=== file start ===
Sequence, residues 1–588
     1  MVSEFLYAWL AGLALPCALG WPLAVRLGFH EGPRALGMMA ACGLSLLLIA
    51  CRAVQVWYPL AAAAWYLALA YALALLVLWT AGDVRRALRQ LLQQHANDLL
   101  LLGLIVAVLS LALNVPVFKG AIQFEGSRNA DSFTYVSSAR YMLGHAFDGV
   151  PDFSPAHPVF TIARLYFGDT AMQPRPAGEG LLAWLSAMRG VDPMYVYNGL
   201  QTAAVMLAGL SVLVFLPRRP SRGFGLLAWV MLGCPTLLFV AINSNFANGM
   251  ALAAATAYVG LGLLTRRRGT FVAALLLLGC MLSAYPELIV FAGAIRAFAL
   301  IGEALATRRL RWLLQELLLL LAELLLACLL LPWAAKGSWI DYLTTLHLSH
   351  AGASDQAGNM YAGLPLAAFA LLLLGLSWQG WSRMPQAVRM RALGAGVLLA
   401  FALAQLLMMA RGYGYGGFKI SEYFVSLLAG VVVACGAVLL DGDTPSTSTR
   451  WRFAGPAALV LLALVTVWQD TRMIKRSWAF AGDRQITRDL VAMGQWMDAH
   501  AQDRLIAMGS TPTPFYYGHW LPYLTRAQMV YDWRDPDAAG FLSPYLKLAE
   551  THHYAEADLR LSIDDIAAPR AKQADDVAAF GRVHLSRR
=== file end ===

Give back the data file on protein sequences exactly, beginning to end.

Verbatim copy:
Sequence, residues 1–588
     1  MVSEFLYAWL AGLALPCALG WPLAVRLGFH EGPRALGMMA ACGLSLLLIA
    51  CRAVQVWYPL AAAAWYLALA YALALLVLWT AGDVRRALRQ LLQQHANDLL
   101  LLGLIVAVLS LALNVPVFKG AIQFEGSRNA DSFTYVSSAR YMLGHAFDGV
   151  PDFSPAHPVF TIARLYFGDT AMQPRPAGEG LLAWLSAMRG VDPMYVYNGL
   201  QTAAVMLAGL SVLVFLPRRP SRGFGLLAWV MLGCPTLLFV AINSNFANGM
   251  ALAAATAYVG LGLLTRRRGT FVAALLLLGC MLSAYPELIV FAGAIRAFAL
   301  IGEALATRRL RWLLQELLLL LAELLLACLL LPWAAKGSWI DYLTTLHLSH
   351  AGASDQAGNM YAGLPLAAFA LLLLGLSWQG WSRMPQAVRM RALGAGVLLA
   401  FALAQLLMMA RGYGYGGFKI SEYFVSLLAG VVVACGAVLL DGDTPSTSTR
   451  WRFAGPAALV LLALVTVWQD TRMIKRSWAF AGDRQITRDL VAMGQWMDAH
   501  AQDRLIAMGS TPTPFYYGHW LPYLTRAQMV YDWRDPDAAG FLSPYLKLAE
   551  THHYAEADLR LSIDDIAAPR AKQADDVAAF GRVHLSRR